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Nolop Institute for Medical Biology
Department of Biology
Churchill-Haines Labs, Room 191
414 E. Clark St.
Vermillion, South Dakota 57069
Office Hours
Monday - Friday
8:00 a.m. - 5:00 p.m.

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Supporting Faculty and Undergraduate Research in Medical Biology

The Nolop Institute for Medical Biology provides support for medically-oriented research and undergraduate students who are majoring in medical biology and plan to attend medical school. Each year, the USD Department of Biology awards a fully-funded academic scholarship to an incoming medical biology student. The institute also gives monetary assistance for medically-oriented research by undergraduates in the form of support for supplies and student travel to scientific meetings to present results. The Nolop Family Research Laboratory supports this work with cutting-edge equipment.

Each summer, the institute also pays the stipends for three undergraduate students performing medically-oriented research through the Nolop Summer Research Scholar Program. 

In support of faculty members, the Nolop Institute funds two endowed professorships—the Nolop Distinguished Professorship and the Nolop Professorship—awarded to scientists recognized for their contributions in fundamental or applied medically relevant research who teach in the medical biology program.

Nolop Professors

Two endowed professorships are awarded to scientists recognized for their contributions in fundamental or applied medically relevant research who teach in the medical biology program.

A faculty member in the USD Department of Biology since 1991, Summers also holds a joint appointment as a professor in the Division of Basic Biomedical Sciences in USD’s Sanford School of Medicine and holds an appointment with the Sioux Falls VA, Veterans Affairs Research Service. A fellow of the International Behavioral Neuroscience Society, he has published more than 100 peer reviewed scientific papers. Summers’ medically relevant research includes his current project that explores the development of a new method to reduce anxiety and depression through activation of certain receptors in the region of the brain that modulates fear conditioning and stress. His work is funded by a grant from the National Institute of Mental Health. Summers’ research achievements been made possible by several students graduating with M.S. and Ph.D. degrees in his lab. A two-time winner of the Belbas-Larson Award, USD’s premier teaching honor, Summers has supervised more than 150 undergraduate researchers in his laboratory, many of whom have gone on to careers in science and medicine.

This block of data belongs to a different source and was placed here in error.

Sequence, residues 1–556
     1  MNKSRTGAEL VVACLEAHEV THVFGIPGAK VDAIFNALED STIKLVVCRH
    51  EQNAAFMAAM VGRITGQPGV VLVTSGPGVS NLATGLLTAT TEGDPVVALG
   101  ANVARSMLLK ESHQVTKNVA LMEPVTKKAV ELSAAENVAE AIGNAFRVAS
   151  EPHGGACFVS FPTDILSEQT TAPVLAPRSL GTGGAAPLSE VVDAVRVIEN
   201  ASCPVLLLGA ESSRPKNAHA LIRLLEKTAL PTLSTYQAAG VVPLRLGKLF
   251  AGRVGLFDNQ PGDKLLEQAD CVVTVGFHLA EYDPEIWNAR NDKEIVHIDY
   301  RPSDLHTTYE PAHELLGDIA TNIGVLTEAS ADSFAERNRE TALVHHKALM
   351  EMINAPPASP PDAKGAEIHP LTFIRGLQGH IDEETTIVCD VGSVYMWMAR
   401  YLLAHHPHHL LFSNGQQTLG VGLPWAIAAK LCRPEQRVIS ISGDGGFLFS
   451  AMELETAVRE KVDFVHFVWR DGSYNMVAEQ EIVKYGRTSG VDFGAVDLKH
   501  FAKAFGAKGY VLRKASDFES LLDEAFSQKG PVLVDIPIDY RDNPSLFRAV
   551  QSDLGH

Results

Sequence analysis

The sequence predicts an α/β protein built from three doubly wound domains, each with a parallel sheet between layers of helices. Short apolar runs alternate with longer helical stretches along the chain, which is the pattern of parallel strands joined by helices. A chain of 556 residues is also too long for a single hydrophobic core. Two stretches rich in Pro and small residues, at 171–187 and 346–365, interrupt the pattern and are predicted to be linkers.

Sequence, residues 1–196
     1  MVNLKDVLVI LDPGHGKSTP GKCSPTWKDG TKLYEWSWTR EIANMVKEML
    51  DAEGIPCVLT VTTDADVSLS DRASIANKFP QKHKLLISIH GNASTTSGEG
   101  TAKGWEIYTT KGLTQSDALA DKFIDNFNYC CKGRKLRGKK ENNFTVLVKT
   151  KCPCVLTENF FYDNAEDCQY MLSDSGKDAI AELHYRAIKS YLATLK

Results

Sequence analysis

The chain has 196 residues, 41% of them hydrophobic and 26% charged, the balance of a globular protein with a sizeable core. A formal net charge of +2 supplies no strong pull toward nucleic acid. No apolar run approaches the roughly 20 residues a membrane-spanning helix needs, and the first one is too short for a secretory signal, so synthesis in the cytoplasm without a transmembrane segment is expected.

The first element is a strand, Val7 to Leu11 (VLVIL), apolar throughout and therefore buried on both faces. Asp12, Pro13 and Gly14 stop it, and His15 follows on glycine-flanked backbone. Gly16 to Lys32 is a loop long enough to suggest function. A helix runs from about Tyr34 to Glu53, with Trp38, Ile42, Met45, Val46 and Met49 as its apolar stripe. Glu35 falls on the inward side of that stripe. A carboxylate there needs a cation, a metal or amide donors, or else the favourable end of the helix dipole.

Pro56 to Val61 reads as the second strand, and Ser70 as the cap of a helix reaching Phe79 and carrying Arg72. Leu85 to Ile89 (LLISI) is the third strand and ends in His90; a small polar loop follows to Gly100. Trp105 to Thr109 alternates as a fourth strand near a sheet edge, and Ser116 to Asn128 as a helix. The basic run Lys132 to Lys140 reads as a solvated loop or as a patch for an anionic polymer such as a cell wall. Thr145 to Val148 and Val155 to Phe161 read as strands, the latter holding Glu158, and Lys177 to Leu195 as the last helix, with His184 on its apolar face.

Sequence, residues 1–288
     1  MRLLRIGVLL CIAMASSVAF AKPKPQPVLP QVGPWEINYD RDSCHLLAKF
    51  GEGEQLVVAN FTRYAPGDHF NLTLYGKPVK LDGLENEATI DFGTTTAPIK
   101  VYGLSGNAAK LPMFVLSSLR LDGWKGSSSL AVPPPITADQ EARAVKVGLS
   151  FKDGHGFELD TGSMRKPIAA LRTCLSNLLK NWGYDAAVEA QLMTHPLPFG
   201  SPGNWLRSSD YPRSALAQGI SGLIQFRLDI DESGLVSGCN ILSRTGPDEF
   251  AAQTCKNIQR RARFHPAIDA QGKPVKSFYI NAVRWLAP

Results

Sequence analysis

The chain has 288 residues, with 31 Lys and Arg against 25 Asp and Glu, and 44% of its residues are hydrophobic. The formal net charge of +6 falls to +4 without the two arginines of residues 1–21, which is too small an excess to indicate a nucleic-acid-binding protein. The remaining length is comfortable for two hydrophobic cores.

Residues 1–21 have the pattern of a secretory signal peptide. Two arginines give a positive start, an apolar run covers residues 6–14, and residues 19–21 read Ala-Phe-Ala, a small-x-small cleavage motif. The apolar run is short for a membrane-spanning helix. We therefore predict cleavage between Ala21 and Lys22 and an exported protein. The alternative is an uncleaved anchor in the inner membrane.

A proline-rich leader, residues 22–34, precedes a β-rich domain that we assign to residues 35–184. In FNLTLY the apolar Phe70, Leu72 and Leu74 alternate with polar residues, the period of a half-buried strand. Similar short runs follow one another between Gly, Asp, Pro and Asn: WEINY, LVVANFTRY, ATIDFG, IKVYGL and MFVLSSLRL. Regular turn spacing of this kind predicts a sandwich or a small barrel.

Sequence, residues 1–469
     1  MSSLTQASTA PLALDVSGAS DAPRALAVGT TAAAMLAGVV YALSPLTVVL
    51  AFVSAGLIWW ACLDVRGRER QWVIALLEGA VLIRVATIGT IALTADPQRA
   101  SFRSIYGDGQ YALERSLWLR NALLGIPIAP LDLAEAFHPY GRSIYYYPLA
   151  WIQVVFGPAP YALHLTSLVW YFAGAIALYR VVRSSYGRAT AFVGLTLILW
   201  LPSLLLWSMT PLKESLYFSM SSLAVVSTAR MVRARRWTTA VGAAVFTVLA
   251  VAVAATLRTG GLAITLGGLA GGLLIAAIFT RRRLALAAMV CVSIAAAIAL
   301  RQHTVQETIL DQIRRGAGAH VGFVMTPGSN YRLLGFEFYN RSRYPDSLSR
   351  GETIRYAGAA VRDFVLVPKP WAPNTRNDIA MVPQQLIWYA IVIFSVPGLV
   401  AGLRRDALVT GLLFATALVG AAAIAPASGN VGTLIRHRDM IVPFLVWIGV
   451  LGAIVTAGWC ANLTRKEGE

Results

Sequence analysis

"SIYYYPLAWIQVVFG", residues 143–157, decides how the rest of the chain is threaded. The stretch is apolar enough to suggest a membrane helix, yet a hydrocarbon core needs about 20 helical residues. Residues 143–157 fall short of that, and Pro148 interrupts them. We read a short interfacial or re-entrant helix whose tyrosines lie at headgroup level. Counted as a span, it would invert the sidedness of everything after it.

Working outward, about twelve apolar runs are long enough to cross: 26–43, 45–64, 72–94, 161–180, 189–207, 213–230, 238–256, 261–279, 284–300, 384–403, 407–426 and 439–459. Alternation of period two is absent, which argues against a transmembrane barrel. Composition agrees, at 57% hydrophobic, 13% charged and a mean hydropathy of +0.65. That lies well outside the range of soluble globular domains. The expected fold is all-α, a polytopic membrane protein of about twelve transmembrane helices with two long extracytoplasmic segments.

Swanson joined the USD Biology Department in 1990. He is currently the director of the Missouri River Institute and has held recent visiting positions at the Center for Advanced Studies in Ecology and Biodiversity, Departamento de Ecologia, Pontíficia Universidad Católica de Chile, Santiago, Chile, and at the Department of Animal Physiology, Institute of General and Molecular Biology, Nicolaus Copernicus University, Toruń, Poland. His medically relevant research involves metabolic diversity, physiological flexibility, muscle growth regulation and environmental adaptation in animals. His work has been funded by grants from the National Science Foundation, among other funding sources. Swanson has supervised research programs for several M.S. and Ph.D. students and numerous undergraduate students in his lab, and these students have greatly contributed to his research program. Swanson regularly teaches histology and environmental physiology courses for the medical biology major.

Nolop Summer Research Scholars Program

This program provides opportunities for summer research for outstanding undergraduates under the guidance of a faculty mentor. Eligible research projects will investigate topics with relevance to medical applications, and may include research in the fields of genetics, physiology, neuroscience, or cell and molecular biology, among others. The Nolop Summer Research Scholars will work with faculty in biology, biomedical engineering, or basic biomedical sciences.  Students will receive approximately $5,500 as a stipend and a research budget of $1,000. Annual deadline: late February.